Advanced transmission cable projects still on the sidelines

By Peter Behr | 04/10/2024 06:52 AM EDT

The conductors are less vulnerable to overheating and could move more energy across the U.S. electricity system, according to studies.

Power transmission lines are shown in Lansing, Michigan.

Power transmission lines are shown in Lansing, Michigan. Al Goldis/AP

Almost a year ago, Secretary of Energy Jennifer Granholm held a high-voltage cable in her hand and explained how it could be used to significantly increase the capacity of the U.S. electricity system.

But her message during last June’s visit to a technology lab in North Carolina has been slow to get through.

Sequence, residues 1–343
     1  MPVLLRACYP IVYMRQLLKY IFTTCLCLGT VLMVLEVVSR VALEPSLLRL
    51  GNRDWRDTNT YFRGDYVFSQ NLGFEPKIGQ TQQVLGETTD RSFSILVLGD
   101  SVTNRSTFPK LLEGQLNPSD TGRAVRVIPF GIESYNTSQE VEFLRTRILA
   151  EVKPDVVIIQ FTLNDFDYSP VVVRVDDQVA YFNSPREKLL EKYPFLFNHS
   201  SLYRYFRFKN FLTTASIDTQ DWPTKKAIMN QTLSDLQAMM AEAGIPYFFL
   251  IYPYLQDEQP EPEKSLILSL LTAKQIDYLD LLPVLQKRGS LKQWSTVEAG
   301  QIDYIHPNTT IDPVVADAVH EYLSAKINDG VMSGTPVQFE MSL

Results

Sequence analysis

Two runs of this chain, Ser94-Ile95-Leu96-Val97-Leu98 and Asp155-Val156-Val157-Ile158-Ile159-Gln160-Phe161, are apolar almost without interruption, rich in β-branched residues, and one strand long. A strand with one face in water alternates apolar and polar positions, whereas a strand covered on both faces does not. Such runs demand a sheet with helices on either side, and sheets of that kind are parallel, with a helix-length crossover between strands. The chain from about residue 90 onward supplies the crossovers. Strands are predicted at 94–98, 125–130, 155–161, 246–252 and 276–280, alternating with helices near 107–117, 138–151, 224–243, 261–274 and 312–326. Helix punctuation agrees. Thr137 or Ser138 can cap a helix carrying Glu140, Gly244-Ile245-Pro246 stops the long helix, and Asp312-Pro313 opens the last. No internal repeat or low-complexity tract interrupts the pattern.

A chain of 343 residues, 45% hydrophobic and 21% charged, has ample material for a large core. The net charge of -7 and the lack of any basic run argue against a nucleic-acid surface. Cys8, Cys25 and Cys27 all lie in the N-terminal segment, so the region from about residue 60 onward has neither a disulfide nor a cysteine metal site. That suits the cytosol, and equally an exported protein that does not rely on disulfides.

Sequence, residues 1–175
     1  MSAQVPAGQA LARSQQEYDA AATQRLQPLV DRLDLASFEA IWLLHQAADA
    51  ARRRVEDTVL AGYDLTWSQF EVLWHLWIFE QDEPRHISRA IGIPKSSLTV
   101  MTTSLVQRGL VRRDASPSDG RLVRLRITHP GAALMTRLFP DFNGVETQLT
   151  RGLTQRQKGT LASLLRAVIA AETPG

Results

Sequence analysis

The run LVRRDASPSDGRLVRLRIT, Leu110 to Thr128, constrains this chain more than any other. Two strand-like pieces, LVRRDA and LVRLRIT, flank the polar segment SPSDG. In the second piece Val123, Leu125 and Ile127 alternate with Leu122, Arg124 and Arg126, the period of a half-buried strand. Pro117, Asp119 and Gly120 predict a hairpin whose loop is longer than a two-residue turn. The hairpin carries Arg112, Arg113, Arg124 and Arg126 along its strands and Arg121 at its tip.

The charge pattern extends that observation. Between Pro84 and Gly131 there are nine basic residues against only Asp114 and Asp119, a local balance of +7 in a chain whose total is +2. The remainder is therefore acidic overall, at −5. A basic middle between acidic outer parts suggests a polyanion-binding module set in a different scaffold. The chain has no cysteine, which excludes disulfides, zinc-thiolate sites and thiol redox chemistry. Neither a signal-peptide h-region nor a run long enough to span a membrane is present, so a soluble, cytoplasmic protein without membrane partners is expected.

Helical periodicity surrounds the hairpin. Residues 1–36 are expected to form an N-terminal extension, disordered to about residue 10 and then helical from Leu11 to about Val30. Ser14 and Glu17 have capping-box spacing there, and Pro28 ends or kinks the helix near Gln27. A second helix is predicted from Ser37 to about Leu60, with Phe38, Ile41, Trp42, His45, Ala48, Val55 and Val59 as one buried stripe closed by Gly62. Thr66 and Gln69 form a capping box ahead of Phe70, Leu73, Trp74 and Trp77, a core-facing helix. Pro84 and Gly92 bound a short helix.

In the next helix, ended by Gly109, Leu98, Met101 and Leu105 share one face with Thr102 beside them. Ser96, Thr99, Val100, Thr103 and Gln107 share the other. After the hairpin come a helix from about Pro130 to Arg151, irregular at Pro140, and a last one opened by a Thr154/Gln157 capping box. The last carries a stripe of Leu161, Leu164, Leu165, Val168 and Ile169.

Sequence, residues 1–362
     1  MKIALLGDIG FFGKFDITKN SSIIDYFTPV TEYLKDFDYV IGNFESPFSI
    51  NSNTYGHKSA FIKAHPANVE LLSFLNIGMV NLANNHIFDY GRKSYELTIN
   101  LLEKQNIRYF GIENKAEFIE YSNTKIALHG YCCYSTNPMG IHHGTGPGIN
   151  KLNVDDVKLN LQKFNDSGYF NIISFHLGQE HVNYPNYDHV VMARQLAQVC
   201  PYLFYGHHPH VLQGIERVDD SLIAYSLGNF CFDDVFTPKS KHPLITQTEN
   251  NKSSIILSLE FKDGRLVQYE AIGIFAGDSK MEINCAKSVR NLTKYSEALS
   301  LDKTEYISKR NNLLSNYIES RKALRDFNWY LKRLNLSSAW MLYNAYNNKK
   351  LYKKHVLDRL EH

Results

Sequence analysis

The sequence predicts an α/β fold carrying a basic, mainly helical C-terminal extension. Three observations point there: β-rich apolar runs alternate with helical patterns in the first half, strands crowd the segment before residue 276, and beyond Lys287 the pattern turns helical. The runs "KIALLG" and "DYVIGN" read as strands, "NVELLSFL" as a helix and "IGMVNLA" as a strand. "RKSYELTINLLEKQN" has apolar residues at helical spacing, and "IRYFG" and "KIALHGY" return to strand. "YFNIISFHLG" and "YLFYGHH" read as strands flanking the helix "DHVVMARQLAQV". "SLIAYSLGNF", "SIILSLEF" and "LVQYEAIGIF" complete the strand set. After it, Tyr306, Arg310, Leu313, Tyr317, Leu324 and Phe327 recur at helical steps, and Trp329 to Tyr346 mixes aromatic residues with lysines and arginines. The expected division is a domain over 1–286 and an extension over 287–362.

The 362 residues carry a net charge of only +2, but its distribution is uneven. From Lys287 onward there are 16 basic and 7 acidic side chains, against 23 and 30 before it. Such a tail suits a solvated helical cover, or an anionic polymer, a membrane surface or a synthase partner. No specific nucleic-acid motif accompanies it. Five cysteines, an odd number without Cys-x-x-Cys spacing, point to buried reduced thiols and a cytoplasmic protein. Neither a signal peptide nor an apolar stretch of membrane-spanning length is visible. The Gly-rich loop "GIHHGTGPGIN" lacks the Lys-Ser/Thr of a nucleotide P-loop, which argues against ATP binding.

Advanced transmission cables built with aluminum-sheathed carbon fiber or other composite cores are lighter and stronger than traditional aluminum-wound steel core cables, and thus they can carry up to four times more current, according to a series of studies, the newest released this week by the University of California, Berkeley, and GridLab, a research group supporting clean energy policies also based in Berkeley.


But the upfront costs for newer cables — two to three times more than comparable conventional lines strung in new transmission projects — have kept them on the sidelines.